Those who are not eager to return to the office may be feeling especially wary when receiving notices for reopening plans and phases, Yoon said. “I’ve definitely heard and felt the anxiety coming up from other people of ‘Oh my gosh, what is that going to look like? How are we even going to all interact?’”

4. You are seriously considering a job switch.

A majority of Americans surveyed by LinkedIn in March said they had put career moves on hold, citing the need to collect a steady paycheck during the pandemic and wanting to wait for a more favorable job market. For some people, the time to make a career change might be now as states announce reopening plans and vaccine availability is becoming less of an issue.

Yoon noted that professionals who initially made the choice to hunker down at their jobs may now be thinking, “‘Maybe I will go back to taking a look at my job application material and really get to work on this, because clearly this isn’t changing and I’m still unhappy,’” she said. ”I think delayed plans have reemerged back to the surface.”

Though restrictions remain in place in parts of the country, many Americans are eating at restaurants and traveling again as the U.S. economy reopens. As a result, professionals “get mixed messages,” Yoon said. “Things are still hard, but then they’re also seeing, ‘Well, the economy is moving a little bit, so there are actually jobs starting to open up’ … I think that has spurred people’s hope.”

5. You view your career totally differently now — especially if you lost your job as a result of the pandemic.

Losing a job was an unfortunately common event last year. One Gallup poll conducted in the second half of 2020 found that over a billion people worldwide lost their jobs or business due to COVID-19.

That may be impacting how you view your career now in unseen ways. When you are laid off or fired, you not only lose a steady source of income, but you can also lose purpose and a sense of security.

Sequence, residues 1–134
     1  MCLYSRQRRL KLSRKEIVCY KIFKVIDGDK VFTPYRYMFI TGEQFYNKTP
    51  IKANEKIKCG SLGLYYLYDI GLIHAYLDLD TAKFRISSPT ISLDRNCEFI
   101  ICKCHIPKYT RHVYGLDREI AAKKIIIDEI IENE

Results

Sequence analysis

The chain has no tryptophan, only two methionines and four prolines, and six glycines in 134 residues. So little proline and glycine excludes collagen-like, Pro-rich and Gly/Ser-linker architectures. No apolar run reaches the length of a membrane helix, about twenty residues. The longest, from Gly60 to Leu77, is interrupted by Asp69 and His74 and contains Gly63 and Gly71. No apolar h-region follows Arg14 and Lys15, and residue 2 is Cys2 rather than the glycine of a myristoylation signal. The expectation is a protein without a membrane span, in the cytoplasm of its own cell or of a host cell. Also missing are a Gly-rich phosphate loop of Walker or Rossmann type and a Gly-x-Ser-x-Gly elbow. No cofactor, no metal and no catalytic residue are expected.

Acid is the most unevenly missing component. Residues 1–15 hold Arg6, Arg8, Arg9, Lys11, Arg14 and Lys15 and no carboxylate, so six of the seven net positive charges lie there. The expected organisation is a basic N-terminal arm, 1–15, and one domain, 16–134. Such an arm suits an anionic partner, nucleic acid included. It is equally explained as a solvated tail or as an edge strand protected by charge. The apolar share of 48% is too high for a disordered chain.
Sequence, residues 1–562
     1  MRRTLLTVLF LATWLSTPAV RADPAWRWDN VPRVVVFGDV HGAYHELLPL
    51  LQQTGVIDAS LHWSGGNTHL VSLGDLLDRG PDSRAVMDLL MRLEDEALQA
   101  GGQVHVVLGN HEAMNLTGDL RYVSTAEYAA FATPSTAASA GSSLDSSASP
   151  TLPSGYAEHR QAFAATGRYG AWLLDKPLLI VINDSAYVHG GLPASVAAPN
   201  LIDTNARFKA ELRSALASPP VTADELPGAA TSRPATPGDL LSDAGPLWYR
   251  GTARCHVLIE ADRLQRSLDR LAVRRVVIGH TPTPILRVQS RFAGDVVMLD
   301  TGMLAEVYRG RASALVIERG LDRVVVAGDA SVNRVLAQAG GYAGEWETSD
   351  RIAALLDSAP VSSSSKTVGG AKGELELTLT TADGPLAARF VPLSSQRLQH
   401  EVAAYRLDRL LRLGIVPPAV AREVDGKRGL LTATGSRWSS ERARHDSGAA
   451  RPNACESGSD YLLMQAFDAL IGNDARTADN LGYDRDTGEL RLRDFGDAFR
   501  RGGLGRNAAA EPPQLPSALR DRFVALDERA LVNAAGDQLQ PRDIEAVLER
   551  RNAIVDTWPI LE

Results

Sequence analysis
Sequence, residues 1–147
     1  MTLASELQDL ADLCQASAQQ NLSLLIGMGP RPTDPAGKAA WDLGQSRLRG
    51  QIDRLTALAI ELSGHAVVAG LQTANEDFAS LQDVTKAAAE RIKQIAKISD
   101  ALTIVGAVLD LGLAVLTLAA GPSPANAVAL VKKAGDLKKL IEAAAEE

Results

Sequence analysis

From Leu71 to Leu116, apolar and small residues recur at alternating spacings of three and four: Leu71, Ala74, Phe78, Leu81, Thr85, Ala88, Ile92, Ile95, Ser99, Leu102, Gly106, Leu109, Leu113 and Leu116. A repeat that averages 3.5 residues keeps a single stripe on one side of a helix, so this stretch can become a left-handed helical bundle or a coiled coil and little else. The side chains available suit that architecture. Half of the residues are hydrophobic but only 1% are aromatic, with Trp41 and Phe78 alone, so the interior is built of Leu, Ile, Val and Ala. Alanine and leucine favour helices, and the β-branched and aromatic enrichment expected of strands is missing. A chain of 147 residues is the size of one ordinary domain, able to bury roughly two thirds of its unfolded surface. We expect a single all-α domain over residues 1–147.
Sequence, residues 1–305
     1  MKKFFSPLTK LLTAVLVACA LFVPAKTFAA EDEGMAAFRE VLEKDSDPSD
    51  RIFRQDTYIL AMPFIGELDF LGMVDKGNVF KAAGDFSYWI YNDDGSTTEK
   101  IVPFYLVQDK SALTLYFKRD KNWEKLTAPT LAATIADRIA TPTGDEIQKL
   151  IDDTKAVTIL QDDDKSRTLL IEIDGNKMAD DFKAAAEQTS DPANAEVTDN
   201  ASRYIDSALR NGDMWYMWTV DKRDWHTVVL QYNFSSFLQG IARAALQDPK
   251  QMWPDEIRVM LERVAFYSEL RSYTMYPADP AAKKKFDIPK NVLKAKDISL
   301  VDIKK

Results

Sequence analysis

People who experience job loss may internalize a risk-adverse mindset as a defense mechanism and think, “You never know what’s going to happen, so you better be happy,” or “I’m lucky for what I get, even if I’m unhappy,” Yoon said.

“If you let those messages go unchecked for too long, it can start to pervade all senses,” Yoon said. “You don’t really ever try to take any risks, you don’t question anymore. … I can imagine [for] this cohort or generation of people who have gone through this, that’ll be a ripple effect going forward. It could potentially make an impact in how they think about change in their career.”

Even if you didn’t experience job loss, you may be feeling uncertain about the future, too. But either way, you shouldn’t let thoughts like “It’s too risky” stop you from considering the career or role you want.

Yoon suggests that if you’re experiencing this sort of risk-adverse mindset about your job, you should ask yourself what exactly is risky about it so that you can begin to figure out what you need to do to reduce the risk. That way, fear is not in the driver’s seat of your career.